Last year, I wrote about offering repayment plan options for customers impacted by COVID-19. In addition to providing payment plans, some utilities offer a customer assistance program (CAP) for customers experiencing hardship with paying their bills. If your utility is considering establishing a CAP, here are some things to take into consideration as you establish your program.

The 5 W’s

Remember studying basic composition in school and learning about the 5 W’s – who, what, when, where, and why? Interestingly, the same 5 W’s apply when establishing a Customer Assistance Program (CAP). Let’s examine each one…


Beyond the obvious answer of your utility customers, there are additional considerations when determining who qualifies for a CAP. In order to receive assistance, should your customer be required to have good credit history with you? Must your customer already qualify for some other form of government assistance such as food stamps or rent subsidies? These are all some of the tough questions your utility must decide when establishing a CAP.

In addition to deciding who qualifies for assistance, there is another who question – who determines eligibility? To remain unbiased and avoid criticism from customers who are denied assistance, many utilities opt to use a third party to determine which customers are eligible and how much assistance they should receive. Social services and local charities make eligibility decisions daily for other types of assistance, so offloading the responsibility of determining eligibility for your CAP to one of them makes sense in many cases.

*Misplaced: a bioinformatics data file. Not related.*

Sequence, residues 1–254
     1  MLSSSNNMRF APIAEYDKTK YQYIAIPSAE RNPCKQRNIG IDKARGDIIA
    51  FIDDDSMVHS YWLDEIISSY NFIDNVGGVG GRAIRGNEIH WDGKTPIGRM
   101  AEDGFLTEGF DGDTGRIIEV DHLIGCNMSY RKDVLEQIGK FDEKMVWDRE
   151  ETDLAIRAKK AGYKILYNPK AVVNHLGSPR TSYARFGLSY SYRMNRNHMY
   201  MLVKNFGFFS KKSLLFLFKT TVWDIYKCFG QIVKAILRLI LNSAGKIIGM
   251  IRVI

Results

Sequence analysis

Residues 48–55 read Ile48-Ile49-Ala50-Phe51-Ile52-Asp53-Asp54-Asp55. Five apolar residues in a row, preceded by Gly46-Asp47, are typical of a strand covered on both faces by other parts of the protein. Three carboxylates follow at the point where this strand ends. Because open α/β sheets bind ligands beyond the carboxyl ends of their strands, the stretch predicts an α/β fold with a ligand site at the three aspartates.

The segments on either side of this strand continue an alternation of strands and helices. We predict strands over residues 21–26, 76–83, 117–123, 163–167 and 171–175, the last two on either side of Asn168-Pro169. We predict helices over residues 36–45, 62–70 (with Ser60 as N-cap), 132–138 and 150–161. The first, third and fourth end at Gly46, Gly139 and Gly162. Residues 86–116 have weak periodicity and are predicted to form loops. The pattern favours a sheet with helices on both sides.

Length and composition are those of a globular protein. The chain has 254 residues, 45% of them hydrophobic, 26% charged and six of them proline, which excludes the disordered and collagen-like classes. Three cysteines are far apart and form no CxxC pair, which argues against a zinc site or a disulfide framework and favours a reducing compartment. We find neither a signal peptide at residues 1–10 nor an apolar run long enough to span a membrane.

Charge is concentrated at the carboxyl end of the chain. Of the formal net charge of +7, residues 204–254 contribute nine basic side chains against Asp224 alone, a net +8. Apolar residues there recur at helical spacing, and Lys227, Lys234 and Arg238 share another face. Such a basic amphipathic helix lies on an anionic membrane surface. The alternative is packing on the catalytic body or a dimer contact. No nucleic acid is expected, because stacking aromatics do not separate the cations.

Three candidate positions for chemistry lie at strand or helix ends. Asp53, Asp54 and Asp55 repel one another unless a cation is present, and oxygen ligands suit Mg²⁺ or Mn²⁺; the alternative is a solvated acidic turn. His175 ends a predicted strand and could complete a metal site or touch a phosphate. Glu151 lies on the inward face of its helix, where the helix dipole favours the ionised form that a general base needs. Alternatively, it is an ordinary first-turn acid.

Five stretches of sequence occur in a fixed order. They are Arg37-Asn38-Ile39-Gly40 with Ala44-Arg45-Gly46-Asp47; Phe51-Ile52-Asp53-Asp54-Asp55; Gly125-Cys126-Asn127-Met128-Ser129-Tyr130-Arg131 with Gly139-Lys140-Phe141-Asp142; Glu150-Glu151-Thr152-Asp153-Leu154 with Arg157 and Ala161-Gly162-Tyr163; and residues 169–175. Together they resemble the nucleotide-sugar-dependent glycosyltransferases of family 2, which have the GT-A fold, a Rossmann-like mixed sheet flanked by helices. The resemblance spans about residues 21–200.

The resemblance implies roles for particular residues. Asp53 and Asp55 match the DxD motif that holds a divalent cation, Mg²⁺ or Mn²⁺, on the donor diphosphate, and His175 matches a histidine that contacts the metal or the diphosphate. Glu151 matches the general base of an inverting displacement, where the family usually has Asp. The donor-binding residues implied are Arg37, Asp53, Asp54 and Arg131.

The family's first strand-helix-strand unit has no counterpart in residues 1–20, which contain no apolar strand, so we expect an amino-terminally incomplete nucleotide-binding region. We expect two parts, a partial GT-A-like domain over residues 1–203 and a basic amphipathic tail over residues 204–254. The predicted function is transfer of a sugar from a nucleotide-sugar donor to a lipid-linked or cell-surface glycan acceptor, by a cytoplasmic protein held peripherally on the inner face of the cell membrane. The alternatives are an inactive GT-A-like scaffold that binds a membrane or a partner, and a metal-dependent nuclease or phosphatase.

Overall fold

What charges and fees are eligible for assistance under your CAP? Will you provide assistance with late fees and cut-off fees, or just with the utility bill itself?

What portion of the customer’s bill will the CAP help with? Should your customer be required to pay a portion of the bill themselves or will your CAP cover the full amount?

Can the CAP be used for security deposits or just to help pay utility bills? Many utilities exclude deposits because any deposit amount over and above the customer’s final bill will be refunded to the customer.


When do you provide assistance under your CAP? Do you limit it to once a year, once every six months, as often as needed? This is critical because if you don’t stipulate how frequently customers can receive help under your CAP, some will try to use it every month.


Where does the customer you will be offering assistance to live? If you are a municipal utility providing service beyond your city limits, should your CAP only offer assistance to customers living inside the city, or to all customers?


Why are you providing assistance? Must the customer provide a compelling reason such as recent job loss, disability, or some other qualifying factor? Or does just generally having a hard time paying their bill qualify them for assistance under your CAP?